Early Christian literature is generally hostile to Jews and Judaism. So, archaeology fills this gap by shedding light on aspects of Judaism between the fourth to sixth centuries CE – about which we would know nothing otherwise. Our discoveries indicate Judaism continued to be diverse and dynamic long after the destruction of the second Jerusalem temple in 70 CE.
Chronology of Mosaic Discoveries at Huqoq –
Going down the chronological line, the first of these mosaics were discovered in 2012 after a year of excavation at the ancient site. The find pertained to the depiction of Samson and his rage-fueled action of setting the Philistines’ fields ablaze by tying burning torches to each unfortunate pair of foxes’ tails (Judges 15:4). In 2013, the researchers found yet another mosaic representation of Samson, this time carrying the gates of Gaza on his shoulders (Judges 16:3) – pictured above.
In the following years, archaeologists were able to uncover even more incredible mosaic scenes, including the ‘non-Biblical’ one that portrays a Greek military commander with golden locks (possibly Alexander the Great), wearing a regal purple attire and a diadem, who is meeting with a white-bearded man clad in white robes (possibly a high priest).
Quite intriguingly, the Greek commander is showcased in an authoritative light, as he leads a bull by its horns and is followed by soldiers and even an elephant (pictured in the featured image) – an animal that was never mentioned in the Hebrew Bible. Now while the main hypothesis regarding this panel still leans towards the representation of Alexander the Great, the other possibility relates to the depiction of Maccabees facing off against the Seleucid Greeks.
In 2015, the researchers were once again enticed by the pictorial scope of the corresponding panel which depicts a rather vivid scene involving humans, animals and mythological creatures like putti (cupids). And in 2016, archaeologists were able to discern mosaic images pertaining to Noah’s Ark and his adventure, along with the (separate Biblical episode of) parting of the Red Sea.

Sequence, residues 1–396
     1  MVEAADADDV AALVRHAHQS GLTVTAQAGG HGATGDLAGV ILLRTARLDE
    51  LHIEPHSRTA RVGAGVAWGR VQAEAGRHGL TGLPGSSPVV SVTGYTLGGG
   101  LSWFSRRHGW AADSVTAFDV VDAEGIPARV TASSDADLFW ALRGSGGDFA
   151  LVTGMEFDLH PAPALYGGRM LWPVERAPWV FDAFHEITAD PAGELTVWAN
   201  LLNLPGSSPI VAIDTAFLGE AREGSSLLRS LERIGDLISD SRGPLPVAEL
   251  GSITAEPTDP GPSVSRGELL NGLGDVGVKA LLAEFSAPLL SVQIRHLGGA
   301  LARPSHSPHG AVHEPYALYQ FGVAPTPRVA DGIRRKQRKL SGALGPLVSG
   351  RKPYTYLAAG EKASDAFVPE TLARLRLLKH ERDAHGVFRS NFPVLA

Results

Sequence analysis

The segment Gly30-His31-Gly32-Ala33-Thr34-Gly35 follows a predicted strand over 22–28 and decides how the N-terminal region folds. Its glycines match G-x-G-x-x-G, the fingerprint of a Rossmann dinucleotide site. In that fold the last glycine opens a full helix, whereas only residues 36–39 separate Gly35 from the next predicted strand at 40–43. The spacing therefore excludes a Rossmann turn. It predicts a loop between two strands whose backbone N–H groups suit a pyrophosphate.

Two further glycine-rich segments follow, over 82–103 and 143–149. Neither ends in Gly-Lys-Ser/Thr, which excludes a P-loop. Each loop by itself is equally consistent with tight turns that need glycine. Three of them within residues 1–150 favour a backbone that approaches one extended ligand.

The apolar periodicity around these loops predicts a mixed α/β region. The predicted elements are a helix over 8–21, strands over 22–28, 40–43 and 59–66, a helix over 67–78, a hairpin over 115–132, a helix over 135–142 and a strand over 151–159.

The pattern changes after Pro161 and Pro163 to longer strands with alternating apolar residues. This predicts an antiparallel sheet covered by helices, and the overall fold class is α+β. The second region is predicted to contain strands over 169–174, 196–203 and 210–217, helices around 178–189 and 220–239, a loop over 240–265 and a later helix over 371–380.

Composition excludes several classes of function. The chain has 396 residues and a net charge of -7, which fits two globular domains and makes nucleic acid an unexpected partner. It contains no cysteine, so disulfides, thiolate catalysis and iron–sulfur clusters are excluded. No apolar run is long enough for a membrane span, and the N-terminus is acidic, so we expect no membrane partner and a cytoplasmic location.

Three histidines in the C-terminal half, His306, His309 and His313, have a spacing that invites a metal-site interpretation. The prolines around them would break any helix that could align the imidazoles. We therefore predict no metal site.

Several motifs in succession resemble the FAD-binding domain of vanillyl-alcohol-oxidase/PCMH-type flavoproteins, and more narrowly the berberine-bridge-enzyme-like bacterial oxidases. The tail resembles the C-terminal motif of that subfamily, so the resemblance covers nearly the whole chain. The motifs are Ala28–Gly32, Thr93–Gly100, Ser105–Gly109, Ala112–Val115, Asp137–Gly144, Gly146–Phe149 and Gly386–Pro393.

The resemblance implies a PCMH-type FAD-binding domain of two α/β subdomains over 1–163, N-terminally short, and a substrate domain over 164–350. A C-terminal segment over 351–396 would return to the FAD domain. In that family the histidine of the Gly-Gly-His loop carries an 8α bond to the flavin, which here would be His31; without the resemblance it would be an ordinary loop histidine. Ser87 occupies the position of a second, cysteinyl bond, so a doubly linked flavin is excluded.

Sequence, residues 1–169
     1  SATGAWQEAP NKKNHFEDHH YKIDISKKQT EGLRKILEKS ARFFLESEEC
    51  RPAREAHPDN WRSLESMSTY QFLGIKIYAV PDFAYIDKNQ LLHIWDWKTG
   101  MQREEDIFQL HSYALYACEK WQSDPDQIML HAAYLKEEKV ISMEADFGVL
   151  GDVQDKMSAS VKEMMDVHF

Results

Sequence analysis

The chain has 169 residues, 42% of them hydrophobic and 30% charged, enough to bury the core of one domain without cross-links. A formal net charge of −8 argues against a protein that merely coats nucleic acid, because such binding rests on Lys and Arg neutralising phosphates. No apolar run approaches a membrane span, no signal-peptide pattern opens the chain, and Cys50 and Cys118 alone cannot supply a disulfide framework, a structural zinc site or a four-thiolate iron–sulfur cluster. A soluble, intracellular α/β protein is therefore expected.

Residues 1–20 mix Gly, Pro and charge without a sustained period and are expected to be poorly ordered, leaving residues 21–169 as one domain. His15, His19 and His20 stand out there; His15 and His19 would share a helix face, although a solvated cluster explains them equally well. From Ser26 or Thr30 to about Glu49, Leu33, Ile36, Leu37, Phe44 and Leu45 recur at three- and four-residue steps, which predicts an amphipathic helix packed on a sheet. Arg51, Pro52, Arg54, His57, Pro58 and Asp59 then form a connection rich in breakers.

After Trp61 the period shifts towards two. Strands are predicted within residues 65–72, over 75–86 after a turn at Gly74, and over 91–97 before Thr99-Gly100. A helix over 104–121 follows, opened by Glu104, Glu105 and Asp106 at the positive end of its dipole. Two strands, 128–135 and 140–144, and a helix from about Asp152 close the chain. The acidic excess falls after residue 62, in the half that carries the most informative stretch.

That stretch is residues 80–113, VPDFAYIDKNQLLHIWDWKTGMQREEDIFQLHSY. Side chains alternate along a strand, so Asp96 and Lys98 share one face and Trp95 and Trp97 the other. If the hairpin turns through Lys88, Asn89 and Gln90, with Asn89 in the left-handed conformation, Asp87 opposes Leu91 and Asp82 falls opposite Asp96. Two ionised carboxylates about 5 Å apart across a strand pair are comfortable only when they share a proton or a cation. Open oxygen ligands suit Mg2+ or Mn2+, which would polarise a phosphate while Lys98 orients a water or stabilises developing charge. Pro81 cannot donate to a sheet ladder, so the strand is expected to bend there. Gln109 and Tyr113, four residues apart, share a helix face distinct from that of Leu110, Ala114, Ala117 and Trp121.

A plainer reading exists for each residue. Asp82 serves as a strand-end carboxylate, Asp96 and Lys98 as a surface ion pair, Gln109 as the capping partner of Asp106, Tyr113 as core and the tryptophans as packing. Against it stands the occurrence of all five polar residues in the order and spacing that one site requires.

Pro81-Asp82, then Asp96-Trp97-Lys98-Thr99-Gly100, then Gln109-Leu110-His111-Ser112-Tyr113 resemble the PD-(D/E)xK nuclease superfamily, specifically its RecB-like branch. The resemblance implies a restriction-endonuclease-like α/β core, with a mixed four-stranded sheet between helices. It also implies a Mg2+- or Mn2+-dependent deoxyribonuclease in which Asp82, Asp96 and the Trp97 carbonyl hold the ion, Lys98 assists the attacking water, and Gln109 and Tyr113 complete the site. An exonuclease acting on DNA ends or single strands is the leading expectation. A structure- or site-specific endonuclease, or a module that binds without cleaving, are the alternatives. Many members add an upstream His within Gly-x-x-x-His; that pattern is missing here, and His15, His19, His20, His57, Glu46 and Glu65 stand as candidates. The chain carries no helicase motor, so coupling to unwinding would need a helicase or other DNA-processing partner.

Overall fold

The story of Noah’s Ark is represented with the illustration of an ark and pairs of animals, including an assortment of camels, lions, sheep, donkeys, bears and even snakes. As for the momentous scene of the parting of the Red Sea, the very-next mosaic depicts the Egyptian soldiers being swallowed by a monster fish, while their chariots are overturned and destroyed.
And in 2017, researchers salvaged yet another series of mosaic panels from the ancient Huqoq synagogue. This time around the depictions included – Greco-Roman sun god Helios in a quadriga (four-horse chariot) surrounded by symbolic zodiac signs, the Biblical story of Jonah and the whale (where the marine animal is shown to be swallowed by a larger fish, and the larger fish is being swallowed by an even larger fish), and the Tower of Babel being constructed by laborers. Back then, Dr. Magness said –
One of the distinguishing features of the Huqoq mosaics is the incorporation of numerous classical (Greco-Roman) elements such as putti, winged personifications of the seasons, and — in the Jonah scene — harpies (large birds with female heads and torsos representing storm winds). The mosaics also provide a great deal of information about ancient daily life, such as the construction techniques are shown in the Tower of Babel scene uncovered this summer .
And finally, in 2018, the archaeologists came across an arrangement of panels with pictorial depictions and Hebrew inscriptions. One panel with the label ‘a pole between two’ represents a Biblical scene from Numbers 13:23, with the accompanying images depicting two spies sent by Moses to explore Canaan carrying a pole with a cluster of grapes (pictured above).
Another panel, referring to Isaiah 11:6, had the inscription ‘a small child shall lead them’. The concurrent pictorial panel depicted a youth leading an animal on a rope. On one end of the eastern aisle, the researchers were further able to unveil a fragmentary Hebrew inscription with the phrase ‘Amen selah,’ meaning ‘Amen forever’. These incredible discoveries were complemented by the rare 1,600-year-old finds of intact columns bedecked in colorful, painted plaster.
Source: UNC-Chapel Hill
All Images – Copyright: Jim Haberman, Courtesy: UNC-Chapel Hill.